View of the interior from my seat.  Nothing flashy here, rustic would be a good word to describe it.  I remember hearing that it was styled after a train station and with the speakers on the columns, the mosaic tiled floor and faux weathered furniture you can definitely see it.  But honestly, I only took a quick look around the inside because the real draw of eating at Parc was not to my right.  

The view of the outside from my seat.  This wasn't the best seat for enjoying the scenery of Rittenhouse Square but I'd say it's still better than any of the other restaurants in the area and I think this side is a little quieter.  On a perfect day like today they could have served me a peanut butter and jelly sandwich and I would've been blissfully happy here.

We're offered a basket of bread to which we happily accept.  Included are sour dough bread, cranberry walnut bread, and a baguette with a side of butter.  The bread was awesome and combined with what was to come we left this basket mostly empty.

1) Escargots - $14 
Started with this playfully miniaturized pot of escargot and mushrooms in a hazelnut butter sauce. French cuisine in all its buttery drenched glory was on display here.  The snails came already extracted from their shells and soaking in this uber rich sauce waiting to be devoured.  And devour we did. Only the prospect of suffering a coronary did I not indulge in sopping up all every last drop of hazelnut butter from this crucible of delightfulness.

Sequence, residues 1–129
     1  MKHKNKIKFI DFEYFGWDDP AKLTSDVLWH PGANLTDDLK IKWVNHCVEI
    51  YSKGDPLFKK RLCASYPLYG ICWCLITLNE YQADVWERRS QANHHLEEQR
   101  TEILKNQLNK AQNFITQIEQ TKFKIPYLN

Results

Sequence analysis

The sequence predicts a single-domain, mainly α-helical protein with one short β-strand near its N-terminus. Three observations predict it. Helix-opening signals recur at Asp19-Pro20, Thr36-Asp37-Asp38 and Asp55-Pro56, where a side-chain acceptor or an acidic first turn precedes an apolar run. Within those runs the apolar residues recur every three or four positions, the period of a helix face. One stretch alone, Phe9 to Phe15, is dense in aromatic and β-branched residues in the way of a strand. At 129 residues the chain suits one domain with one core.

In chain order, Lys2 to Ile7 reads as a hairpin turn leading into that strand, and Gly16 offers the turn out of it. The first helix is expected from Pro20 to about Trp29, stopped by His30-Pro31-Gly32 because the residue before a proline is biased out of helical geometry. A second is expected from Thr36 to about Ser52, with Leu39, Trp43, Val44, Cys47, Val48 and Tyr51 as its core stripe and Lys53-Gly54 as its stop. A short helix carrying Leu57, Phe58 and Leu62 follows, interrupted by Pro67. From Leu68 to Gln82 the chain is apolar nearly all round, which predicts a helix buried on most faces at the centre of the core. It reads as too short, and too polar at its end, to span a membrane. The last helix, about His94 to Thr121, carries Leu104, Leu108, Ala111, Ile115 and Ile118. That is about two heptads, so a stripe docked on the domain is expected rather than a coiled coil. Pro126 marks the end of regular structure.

2) Warm Shrimp Salad - $16.50
Shrimp seasoned with truffle oil, avocado, and a slice of Parmesan cheese with a lemon beurre blanc dressing.  The shrimp were huge, were talking U10's, and they had an ever so slight hint of the truffle oil.  The rest of the plate was fresh, as to be expected, and the lemon beurre blanc completed the french in this salad...heavy cream and butter!  It was lightly dressed so it didn't feel heavy. 

3) Moules Frites - $17.50
Massachusetts mussels in a white wine, shallots, garlic and of course butter sauce.  Fries with an aioli dip.  What can I say other then I'm eating freaking mussels for lunch.  Everything here was as it should be, simple yet delicious.  The remaining sauce was sopped up by the aforementioned bread and 25 mussels and a handful of fries later I had reached nirvana.

Had one mussel that didn't open and maybe 3 with some sand in them.  Overall a good bowl of mussels.

4) Weihenstephaner Hefeweissbier - $6
Hefeweizen, Brauerie Weihenstephaner, Germany, 5.4%
A beer I had to point to on the menu to order. I wanted something different and light so this wheat beer fit the bill. $6 for about a beer and a half is a good deal.

Overall LTE score [9/10] Parc has to be one of the most frequented nice weather spots in all of Philly.  It's packed every time I walk by here and when you sit down to eat it becomes apparent it's not only because of the view.  The food here is top notch and despite the cost I feel it's absolutely worth it.

Monday, August 29, 2011

Village Whiskey - 20th and Sansom St